U.N.-brokered talks aimed at resolving the escalating political crisis in Yemen will be held in Qatar, the U.N. envoy to Yemen said, after the recognized Yemeni government appealed to the Saudi-led Gulf Cooperation Council (GCC) for military assistance.
A day after warning the United Nations Security Council that Yemen was on the brink of civil war, Jamal Benomar announced on Monday that talks between the Yemeni parties would take place in Doha, the capital of Qatar, and that any agreement reached would be signed in Riyadh, the capital of Saudi Arabia.
Earlier in the day, Saudi Arabia's Foreign Minister Prince Saud al-Faisal said that his country would "take necessary measures if needed" to protect Yemen's sovereignty after the government of President Abed-Rabbo Mansour Hadi, holed up in the southern port city of Aden, appealed to the GCC nations for help.
Iran has been repeatedly accused of supporting the Houthis, the armed group that controls the country's north, including the capital Sanaa, an allegation both Tehran and the group deny.
"We are against Iran's intervention in Yemen ... it is actually an act of aggression," al-Faisal said.
"We are keen on protecting Yemen’s sovereignty, the legitimacy of Yemen represented by President Hadi.
"We hope that the crisis can be resolved peacefully and we are ready to respond to any demand that the president requests, whatever it is to support him," al-Faisal said.
Riyadh Yaseen, Yemen's newly appointed foreign minister, has asked for military intervention from the GCC and for the U.N. to impose a no-fly zone. The GCC is an alliance of Saudi Arabia, Bahrain, Kuwait, Qatar, the UAE and Oman; and its Peninsula Shield Force consists of about 40,000 troops and has a permanent base in Saudi Arabia's Eastern Province.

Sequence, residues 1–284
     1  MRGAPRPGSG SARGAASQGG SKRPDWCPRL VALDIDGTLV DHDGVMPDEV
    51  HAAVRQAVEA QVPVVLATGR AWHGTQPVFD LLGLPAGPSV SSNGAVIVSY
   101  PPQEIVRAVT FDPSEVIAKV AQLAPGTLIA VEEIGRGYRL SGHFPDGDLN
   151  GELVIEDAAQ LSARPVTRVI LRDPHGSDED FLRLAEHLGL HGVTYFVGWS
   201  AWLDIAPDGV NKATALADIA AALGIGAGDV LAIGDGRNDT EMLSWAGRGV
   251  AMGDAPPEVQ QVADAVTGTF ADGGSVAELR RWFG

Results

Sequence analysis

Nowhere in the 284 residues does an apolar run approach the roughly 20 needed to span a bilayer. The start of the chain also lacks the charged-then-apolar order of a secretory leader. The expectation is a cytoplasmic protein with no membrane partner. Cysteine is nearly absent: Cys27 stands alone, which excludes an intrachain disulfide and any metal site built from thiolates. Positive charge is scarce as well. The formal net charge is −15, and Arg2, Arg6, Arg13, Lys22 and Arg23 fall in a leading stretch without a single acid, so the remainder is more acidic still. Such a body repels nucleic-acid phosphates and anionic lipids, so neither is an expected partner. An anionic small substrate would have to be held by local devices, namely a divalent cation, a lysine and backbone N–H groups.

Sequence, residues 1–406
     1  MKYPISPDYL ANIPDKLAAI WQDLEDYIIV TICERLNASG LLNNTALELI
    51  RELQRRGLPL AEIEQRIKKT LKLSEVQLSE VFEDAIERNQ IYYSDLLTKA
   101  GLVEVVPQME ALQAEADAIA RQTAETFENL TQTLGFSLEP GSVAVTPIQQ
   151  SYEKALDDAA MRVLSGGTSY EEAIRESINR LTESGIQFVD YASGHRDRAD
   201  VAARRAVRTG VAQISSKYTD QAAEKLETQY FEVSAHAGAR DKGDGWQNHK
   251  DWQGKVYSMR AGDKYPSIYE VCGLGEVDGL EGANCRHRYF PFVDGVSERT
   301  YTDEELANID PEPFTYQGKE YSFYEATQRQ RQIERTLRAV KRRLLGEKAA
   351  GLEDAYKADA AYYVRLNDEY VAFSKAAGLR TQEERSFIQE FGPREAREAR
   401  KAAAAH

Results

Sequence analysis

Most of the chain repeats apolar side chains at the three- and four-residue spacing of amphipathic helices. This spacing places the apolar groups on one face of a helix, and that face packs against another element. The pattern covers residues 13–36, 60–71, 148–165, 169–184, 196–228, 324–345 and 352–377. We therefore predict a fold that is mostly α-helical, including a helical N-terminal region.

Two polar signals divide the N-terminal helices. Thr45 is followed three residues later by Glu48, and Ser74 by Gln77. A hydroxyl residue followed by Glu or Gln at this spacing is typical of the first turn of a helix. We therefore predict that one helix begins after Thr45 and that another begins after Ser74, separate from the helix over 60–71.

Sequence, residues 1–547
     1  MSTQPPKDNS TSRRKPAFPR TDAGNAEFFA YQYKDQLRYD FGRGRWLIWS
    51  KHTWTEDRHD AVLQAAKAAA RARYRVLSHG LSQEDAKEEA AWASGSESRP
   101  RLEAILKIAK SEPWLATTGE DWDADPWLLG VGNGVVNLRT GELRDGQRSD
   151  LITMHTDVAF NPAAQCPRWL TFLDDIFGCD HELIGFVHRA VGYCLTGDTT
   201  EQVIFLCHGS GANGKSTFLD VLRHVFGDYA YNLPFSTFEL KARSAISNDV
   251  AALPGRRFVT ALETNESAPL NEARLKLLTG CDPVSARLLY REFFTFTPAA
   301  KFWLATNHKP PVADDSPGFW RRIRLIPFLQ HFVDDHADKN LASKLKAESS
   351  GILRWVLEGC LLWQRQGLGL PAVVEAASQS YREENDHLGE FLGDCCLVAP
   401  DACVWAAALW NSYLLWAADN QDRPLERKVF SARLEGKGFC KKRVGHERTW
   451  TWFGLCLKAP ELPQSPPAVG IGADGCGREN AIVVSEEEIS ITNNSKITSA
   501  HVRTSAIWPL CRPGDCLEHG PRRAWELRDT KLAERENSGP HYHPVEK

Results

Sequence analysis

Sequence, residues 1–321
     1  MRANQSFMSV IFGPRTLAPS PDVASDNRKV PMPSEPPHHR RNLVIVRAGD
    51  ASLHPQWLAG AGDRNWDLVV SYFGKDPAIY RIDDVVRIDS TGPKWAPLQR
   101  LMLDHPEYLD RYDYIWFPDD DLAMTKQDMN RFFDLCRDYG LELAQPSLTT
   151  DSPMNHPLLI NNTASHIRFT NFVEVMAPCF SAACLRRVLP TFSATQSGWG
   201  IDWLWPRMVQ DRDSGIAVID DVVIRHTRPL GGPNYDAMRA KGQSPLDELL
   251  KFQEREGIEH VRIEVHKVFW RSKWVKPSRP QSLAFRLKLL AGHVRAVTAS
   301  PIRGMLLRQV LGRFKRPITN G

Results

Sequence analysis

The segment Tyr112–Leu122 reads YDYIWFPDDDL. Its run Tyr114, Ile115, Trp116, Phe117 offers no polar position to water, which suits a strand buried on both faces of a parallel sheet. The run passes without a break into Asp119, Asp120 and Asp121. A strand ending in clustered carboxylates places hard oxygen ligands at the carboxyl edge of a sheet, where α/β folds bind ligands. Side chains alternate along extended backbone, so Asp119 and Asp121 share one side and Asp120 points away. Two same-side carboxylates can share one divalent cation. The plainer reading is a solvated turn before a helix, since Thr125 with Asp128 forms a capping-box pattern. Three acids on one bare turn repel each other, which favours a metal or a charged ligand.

"We've had enough, we can't watch them occupying airports and cities, destroying Yemen's infrastructure, and we sit there and watch," Yaseen told Al Jazeera on Monday. "We can't allow Iran to take over our country."
The request came a day after Prince Mohammed Bin Nayef, the Saudi interior minister, said the GCC was ready to take "all efforts" to defend the country's security."
Houthis took over the democratically elected government headed by Hadi in February and the GCC countries have since lined up to support Hadi, moving their embassies to Aden to back Hadi.
Hadi, who is also backed by Western states, has been struggling to reassert his authority since escaping house arrest and fleeing to Aden last month.
The Houthis have continued to seize more parts of the country and on Saturday took control of parts of the strategic city of Taiz, as they pushed further south towards Aden.
The group, which hails from the northern region of Saada, insists its territorial advance is an outgrowth of its growing popular support.